IU Kelley School of Business professor honored by the American Accounting Association
Aug 10, 2011
BLOOMINGTON, Ind. -- Patrick Hopkins, professor of accounting at Indiana University's Kelley School of Business, is being honored for research that ultimately made it harder for companies to hide controversial accounting practices that make their earnings look healthier than they are.
The Distinguished Contributions to Accounting Literature Award was presented Tuesday (Aug. 9) at the American Accounting Association's annual meeting in Denver.
Hopkins, who is the Deloitte Foundation Accounting Faculty Fellow at the Kelley School, shares the award with co-author Eric Hirst, the John Arch White Professor of Business at The University of Texas at Austin's McCombs School of Business. Hopkins earned his doctorate at UT Austin.
Their research, which has been cited heavily since it was published in 1998, shows how even security analysts were fooled by companies who buried deep in their reports certain creative accounting practices that made their bottom line look good.
Until recently, financial reporting standards required "other comprehensive income" to be reported, but did not specify where. So a company could strategically sell assets with gains in value in time to meet earnings expectations, but hide in an obscure section of the financial report that the company's remaining assets have a loss in value, which reduces comprehensive income.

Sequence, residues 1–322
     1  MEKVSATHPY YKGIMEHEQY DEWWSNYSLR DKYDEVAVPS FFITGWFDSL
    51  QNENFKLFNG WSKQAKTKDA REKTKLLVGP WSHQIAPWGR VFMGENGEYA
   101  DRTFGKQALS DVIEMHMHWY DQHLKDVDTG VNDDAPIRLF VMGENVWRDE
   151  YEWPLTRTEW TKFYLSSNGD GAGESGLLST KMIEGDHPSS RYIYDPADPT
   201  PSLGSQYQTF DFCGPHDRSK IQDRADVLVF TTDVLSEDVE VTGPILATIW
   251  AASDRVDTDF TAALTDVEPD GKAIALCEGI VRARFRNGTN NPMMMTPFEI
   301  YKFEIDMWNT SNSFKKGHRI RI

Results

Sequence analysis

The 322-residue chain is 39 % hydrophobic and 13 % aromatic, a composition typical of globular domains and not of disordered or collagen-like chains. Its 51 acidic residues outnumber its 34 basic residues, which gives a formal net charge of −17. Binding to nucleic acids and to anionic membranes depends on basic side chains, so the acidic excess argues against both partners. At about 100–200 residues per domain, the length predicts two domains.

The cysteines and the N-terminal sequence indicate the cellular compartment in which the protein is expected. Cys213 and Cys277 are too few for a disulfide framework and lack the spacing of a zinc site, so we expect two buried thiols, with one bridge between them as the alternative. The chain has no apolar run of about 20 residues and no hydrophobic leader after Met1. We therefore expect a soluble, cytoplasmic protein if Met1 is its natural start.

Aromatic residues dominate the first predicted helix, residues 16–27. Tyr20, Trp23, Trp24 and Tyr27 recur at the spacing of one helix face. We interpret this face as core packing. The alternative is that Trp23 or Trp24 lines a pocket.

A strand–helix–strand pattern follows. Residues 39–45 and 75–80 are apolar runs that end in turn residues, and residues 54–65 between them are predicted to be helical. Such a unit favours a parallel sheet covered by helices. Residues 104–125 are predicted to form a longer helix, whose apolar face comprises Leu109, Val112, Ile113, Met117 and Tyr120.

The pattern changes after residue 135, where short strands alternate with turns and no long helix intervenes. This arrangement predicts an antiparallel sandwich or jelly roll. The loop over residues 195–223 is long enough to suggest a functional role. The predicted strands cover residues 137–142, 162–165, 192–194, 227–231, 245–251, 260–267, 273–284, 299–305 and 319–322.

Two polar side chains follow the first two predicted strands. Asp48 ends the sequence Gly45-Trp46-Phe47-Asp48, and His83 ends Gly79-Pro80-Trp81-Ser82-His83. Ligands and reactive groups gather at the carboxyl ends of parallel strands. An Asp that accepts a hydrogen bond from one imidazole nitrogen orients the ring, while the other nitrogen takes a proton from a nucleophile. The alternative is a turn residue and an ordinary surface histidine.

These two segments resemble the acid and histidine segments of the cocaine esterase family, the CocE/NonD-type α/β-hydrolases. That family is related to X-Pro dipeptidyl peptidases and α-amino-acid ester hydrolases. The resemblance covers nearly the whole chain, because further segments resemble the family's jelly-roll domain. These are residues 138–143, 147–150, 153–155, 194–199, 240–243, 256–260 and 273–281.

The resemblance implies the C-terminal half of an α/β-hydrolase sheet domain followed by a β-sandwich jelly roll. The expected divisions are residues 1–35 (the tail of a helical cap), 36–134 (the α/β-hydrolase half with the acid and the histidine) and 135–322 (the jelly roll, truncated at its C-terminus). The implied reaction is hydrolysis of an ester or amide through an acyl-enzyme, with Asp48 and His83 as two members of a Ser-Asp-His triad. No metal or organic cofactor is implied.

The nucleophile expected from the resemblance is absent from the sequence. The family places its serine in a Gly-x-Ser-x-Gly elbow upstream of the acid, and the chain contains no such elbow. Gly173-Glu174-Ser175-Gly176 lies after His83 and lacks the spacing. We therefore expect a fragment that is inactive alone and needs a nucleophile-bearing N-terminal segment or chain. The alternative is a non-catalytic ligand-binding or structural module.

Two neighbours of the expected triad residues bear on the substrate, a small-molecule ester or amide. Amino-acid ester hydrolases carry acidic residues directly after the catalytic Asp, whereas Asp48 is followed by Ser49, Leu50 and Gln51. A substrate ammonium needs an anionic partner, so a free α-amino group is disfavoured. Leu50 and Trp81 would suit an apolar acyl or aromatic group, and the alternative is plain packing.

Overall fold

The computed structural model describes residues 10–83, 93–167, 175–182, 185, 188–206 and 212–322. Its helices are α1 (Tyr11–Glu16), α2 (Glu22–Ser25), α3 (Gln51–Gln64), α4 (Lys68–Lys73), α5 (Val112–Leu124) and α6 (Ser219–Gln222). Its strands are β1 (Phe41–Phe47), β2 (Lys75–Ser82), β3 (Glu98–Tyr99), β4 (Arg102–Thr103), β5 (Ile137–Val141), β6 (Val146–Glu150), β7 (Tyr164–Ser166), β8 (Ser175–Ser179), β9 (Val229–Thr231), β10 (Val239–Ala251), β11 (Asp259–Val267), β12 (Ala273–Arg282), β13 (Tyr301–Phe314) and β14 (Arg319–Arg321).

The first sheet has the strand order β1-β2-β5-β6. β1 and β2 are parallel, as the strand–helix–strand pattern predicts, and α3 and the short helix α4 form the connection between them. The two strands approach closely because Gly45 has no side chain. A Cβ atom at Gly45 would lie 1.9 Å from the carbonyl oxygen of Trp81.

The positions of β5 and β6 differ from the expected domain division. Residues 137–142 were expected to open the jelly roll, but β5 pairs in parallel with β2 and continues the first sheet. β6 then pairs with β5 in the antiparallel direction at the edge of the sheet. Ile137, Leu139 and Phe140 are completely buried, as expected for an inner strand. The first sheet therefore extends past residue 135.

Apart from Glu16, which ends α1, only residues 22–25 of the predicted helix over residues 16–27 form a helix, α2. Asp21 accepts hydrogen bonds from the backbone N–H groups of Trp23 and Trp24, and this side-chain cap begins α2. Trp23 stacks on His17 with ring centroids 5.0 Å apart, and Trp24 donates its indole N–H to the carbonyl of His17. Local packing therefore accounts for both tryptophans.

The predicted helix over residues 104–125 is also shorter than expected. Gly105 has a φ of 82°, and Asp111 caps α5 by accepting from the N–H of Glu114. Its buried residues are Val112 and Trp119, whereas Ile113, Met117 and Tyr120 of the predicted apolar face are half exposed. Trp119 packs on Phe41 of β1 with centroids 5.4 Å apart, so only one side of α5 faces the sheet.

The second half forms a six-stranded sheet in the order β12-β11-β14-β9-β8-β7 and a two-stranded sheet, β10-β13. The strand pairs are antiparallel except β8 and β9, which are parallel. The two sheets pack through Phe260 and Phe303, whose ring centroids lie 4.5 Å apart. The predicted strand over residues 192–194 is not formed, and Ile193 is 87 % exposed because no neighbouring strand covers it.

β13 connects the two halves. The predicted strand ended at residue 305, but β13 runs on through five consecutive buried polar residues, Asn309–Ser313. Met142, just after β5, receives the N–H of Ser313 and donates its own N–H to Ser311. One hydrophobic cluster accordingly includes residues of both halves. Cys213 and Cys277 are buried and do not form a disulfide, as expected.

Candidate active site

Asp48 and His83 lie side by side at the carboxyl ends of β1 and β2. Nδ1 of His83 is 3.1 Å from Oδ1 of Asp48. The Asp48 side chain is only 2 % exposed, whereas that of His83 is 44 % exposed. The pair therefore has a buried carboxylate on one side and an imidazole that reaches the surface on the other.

Although common, "earnings management" is controversial because it could deceive investors about a company's financial health, which affects stock prices.
"I am extremely proud that this research was recognized for its impact on practice and for the many other research studies it inspired," Hopkins said. "The study had a very simple message and challenged the widely held belief that describing transactions in the footnotes is a substitute for clearly recognizing transactions in the financial statements."
The FASB changed the rules in June, requiring comprehensive income to be featured more prominently in financial statements.
"Professor Hopkins' paper is an outstanding illustration of the benefits of academic research to accounting practice," said Laureen Maines, chair of the accounting department at the Kelley School. "This paper presented the first evidence that companies' discretion over comprehensive income reporting affects analysts' judgments and stimulated a significant body of research that provided valuable evidence to the Financial Accounting Standards Board."
The AAA award was created in 2010 and recognizes research of "exceptional merit" published in the last five to 15 years, said Kevin Stocks, AAA president. Criteria include uniqueness and magnitude of the contribution to accounting education, practice or future accounting research.
Hopkins, along with Hirst, won a Best Paper Award from the AAA in 1999. He has been on the faculty at the Kelley School of Business since 1995. Among his research interests are professional judgment and decision making, human information processing, and effects of accounting and auditing.